Today we wanted to give you all a brief tutorial on creating a decorative edge on the old fashioned butcher block counters. It's a quick, cheap, and easy way to spruce up your project, and it's something you can do yourself without much difficulty.
If this is your first time on the site, be sure to check out the whole kitchen reveal, including our butcher block installation throughout our kitchen.
Thanks to a few of our blog commenters and their suggestions, Wendy's eagerness to spruce up our kitchen, and a tiny bit of good old fashioned reciprocal Instagram peer pressure from Just Over the River, we decided to pursue IKEA butcher block counters as our upgraded kitchen counter top of choice. Though this change of counter surface wasn't even a blip on our DIY radar earlier in the year, once we started to look into the option we noticed just how affordable and "easy" of an upgrade it could be. But as I pointed out when we talked about our wine bar aspect of the project, the plain Jane square edge of the IKEA stock block left something to be desired in my opinion.
Rather than leave the edge of the counter the stock rounded corner with square edge, we decided we could dress it up a little with a bit of wood working magic. We drew our inspiration from this photo that I found on Pinterest and sent to Wendy.
Sure, that kitchen's counter top is probably a hulking 2"-3" thick at the edge, but you get the idea. The concept was hatched, I knew what had to be done, and I knew just how to do it. Here's a look at what we were starting with.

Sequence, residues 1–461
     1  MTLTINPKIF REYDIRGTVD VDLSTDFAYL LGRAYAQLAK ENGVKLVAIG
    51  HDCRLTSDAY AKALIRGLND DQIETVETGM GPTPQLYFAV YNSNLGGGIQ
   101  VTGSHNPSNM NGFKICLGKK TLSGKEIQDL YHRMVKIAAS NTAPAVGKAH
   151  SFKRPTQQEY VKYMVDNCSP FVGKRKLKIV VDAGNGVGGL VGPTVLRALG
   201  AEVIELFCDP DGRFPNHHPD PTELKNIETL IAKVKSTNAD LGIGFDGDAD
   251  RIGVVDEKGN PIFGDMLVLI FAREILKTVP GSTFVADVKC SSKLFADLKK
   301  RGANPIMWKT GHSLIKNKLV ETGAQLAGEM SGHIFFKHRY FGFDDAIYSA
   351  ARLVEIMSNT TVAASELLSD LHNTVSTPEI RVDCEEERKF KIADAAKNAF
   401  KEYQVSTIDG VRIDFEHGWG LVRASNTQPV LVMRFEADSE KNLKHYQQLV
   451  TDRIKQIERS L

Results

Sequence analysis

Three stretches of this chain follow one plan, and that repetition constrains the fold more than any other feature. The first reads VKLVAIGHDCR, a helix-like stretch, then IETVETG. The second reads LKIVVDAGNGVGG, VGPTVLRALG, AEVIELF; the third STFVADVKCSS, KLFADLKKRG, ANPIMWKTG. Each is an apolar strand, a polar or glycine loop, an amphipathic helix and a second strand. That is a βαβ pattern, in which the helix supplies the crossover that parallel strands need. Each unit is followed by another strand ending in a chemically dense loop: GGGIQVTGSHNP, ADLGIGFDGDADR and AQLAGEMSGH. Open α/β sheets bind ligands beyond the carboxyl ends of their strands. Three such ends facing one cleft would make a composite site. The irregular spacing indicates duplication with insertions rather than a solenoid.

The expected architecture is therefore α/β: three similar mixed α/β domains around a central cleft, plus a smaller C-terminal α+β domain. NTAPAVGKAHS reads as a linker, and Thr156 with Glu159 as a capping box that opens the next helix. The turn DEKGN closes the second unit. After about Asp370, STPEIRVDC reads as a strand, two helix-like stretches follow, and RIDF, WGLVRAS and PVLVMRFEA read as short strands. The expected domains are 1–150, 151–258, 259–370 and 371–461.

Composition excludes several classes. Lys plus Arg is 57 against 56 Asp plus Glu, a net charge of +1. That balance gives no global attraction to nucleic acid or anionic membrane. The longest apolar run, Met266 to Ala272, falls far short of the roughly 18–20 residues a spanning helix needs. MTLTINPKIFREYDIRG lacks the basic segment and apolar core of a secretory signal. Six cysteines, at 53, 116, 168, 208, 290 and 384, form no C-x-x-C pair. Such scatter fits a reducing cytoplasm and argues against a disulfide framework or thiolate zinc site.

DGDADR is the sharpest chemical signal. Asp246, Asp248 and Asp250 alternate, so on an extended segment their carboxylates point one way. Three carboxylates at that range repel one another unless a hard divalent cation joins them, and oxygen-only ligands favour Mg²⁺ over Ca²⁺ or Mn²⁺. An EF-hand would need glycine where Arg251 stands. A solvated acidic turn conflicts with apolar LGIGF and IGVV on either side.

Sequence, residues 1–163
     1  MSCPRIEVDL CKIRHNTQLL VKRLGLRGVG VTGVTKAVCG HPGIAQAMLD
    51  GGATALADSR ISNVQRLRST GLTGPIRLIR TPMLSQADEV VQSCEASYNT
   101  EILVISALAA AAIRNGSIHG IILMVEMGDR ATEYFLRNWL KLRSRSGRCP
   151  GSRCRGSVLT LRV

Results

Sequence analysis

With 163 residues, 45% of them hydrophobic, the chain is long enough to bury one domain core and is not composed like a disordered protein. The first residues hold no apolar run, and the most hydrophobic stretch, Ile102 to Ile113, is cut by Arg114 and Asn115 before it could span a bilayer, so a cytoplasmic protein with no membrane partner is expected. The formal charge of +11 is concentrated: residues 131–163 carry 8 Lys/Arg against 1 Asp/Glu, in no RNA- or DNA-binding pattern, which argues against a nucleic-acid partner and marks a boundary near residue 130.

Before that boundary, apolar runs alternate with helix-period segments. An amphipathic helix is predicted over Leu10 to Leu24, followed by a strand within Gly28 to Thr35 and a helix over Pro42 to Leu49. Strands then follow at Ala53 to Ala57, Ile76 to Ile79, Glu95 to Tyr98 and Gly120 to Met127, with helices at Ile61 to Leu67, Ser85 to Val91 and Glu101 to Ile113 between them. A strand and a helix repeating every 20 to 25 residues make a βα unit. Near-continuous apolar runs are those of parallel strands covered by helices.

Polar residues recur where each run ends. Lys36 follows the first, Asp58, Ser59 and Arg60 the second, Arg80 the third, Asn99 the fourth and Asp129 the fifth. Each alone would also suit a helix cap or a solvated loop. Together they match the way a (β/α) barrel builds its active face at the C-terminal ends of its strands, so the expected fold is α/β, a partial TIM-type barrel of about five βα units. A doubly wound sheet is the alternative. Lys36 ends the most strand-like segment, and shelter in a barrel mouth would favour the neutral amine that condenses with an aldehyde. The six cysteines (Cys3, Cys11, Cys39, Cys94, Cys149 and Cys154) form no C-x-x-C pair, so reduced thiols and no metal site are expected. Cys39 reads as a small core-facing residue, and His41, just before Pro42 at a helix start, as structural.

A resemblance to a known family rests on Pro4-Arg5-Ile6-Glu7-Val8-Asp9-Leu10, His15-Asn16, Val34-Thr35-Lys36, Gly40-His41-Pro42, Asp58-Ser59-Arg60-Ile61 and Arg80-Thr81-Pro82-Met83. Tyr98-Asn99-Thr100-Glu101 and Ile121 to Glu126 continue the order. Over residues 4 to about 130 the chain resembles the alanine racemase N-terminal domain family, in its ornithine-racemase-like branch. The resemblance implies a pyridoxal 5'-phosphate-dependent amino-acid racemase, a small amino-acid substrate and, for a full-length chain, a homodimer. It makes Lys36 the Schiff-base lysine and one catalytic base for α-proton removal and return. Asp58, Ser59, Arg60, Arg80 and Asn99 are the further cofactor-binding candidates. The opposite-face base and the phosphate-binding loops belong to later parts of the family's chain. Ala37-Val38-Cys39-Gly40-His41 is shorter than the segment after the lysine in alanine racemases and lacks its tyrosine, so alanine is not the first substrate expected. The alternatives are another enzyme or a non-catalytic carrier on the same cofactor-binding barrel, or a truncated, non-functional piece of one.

The tools you're going to need are pretty standard:
- Router bit for edge profile
- Straight Fence (I used some excess MDF I knew had a good straight line to it)
- Lots of clamps
- Ruler and measuring tape
- Saw horses or cutting work surface.
Due to the limited room to move in our basement, and to the weight of the counters, we opted to do our cutting in the area behind our house on saw horses. This made it much easier to get it into the house.
The first and most critical step is the selection of the router bit you'd like to use for the edge. You can go with something more simple or fancy, it's up to you. Just keep in mind the thickness of the material you're working with. If you start using multiple bits and you only have 1 1/2" thick counters, the cut will be all routed area and no true edge, and this will look a little strange.
In our case we wanted to maintain a true flat front, but give a nice edge above that front. We chose an ogee bit that we already had on hand.
With the bit selected, it's best to run a piece of scrap wood to get an idea of the depth of cut and what it will look like. But in the interest of full disclosure, I actually just started cutting the side of our long piece of counter, a little at a time, and then assessing after each cut. It's a bit more dangerous this way, but I figured I could just cut it off if I made a mistake, we had enough excess.